Though your loved one may have created a will before his or her death, that document does not necessarily mean that the estate administration will be free from complications. In some cases, an individual could choose to contest a will, which could lead the estate into litigation. In these cases, the disputing party or parties must provide a valid legal reason, and, if you believe that a high chance for such a dispute exists, you may wish to determine how you could prepare for such an event.
First, if you have concerns that someone will contest your loved one's will, you might want to determine whether the person can file a will dispute.
The term "standing" means that an individual can provide a valid connection to the legal issue and present evidence as to how he or she suffers from the issue. In many cases, the contesting individual must first argue his or her standing before any further legal action can move forward.
Beneficiaries and heirs
Beneficiaries and heirs represent the two most common groups of parties who likely have standing when it comes to contesting a will. The beneficiary group could break down into two subgroups: beneficiaries of a prior will and beneficiaries of a subsequent will. If an individual was a beneficiary in a previous version of a will, he or she could contest a newer will if he or she no longer inherits anything from the estate or less than what the previous terms had indicated.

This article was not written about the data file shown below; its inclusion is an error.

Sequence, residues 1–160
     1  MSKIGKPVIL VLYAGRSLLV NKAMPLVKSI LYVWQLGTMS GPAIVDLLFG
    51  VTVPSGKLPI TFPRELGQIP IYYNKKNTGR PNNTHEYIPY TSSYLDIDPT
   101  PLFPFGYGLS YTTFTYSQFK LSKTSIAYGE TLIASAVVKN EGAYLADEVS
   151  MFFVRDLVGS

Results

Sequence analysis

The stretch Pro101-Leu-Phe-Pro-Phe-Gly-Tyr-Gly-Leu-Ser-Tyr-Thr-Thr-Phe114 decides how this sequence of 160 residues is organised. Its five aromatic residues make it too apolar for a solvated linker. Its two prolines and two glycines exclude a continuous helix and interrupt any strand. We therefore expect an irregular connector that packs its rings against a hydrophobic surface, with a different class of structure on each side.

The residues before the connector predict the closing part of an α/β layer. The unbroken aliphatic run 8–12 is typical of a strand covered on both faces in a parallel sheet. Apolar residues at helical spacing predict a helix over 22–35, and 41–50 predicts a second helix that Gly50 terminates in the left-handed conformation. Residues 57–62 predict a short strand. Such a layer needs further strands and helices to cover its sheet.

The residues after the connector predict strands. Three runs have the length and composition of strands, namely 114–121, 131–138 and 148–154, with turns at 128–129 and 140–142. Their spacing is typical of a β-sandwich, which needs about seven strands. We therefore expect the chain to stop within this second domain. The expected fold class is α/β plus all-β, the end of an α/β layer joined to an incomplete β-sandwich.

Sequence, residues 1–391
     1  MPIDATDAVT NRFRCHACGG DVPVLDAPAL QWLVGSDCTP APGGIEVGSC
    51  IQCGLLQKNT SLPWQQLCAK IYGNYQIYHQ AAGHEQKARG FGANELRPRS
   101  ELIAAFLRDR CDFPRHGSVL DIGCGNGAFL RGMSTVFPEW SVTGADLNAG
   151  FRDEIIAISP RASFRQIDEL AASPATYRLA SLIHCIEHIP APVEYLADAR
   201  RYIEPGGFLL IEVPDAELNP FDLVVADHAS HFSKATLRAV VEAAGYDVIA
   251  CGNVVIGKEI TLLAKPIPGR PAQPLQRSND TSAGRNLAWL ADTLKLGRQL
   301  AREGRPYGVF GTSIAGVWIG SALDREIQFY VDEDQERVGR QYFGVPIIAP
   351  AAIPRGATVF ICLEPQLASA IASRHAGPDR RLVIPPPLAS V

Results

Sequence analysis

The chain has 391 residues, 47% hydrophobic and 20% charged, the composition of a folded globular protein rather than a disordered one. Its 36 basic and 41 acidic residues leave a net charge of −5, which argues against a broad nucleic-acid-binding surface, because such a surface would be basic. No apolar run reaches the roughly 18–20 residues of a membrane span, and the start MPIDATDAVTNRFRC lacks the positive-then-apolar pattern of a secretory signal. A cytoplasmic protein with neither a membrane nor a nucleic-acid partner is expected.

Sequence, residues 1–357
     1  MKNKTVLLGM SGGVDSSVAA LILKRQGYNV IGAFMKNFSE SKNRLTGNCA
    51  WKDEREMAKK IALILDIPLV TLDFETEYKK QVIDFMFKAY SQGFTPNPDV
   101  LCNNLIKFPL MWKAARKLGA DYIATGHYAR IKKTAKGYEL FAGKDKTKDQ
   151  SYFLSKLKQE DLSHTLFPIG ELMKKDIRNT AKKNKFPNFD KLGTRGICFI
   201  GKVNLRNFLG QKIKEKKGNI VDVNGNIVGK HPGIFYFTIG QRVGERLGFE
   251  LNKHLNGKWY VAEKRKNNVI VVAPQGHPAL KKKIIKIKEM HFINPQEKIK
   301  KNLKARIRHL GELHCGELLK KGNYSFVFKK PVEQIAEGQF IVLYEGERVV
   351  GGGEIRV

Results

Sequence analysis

Beneficiaries of an updated will could also claim similar issues. They could potentially believe that they should have received more assets, a specific asset or a greater part of the estate than the document indicates at the present time.
Because heirs are individuals who may have inherited parts of an estate had the deceased not created a will, they may also have legal standing. Though these individuals commonly are named as beneficiaries in a will, they could argue that without the will, they would have obtained a greater portion of the estate. They could also claim that they were unjustly left out of the current will if they do not gain anything.
Valid dispute arguments
In addition to those arguments already mentioned, individuals may have a valid reason to contest a will if they believe that the document was forged, created under undue influence or another will supersedes the one referenced during estate administration proceedings.
In some cases, you may not need to fear the contesting of a loved one's will because a valid reason for a dispute does not exist. However, you may find yourself in a legal predicament if an individual is able to provide standing for a will dispute.
If you hope to smoothly work through your loved one's estate administration, you may want to consult with an experienced West Virginia attorney. This type of legal professional could help you recognize the potential for conflict and determine your options for handling any proposed litigation.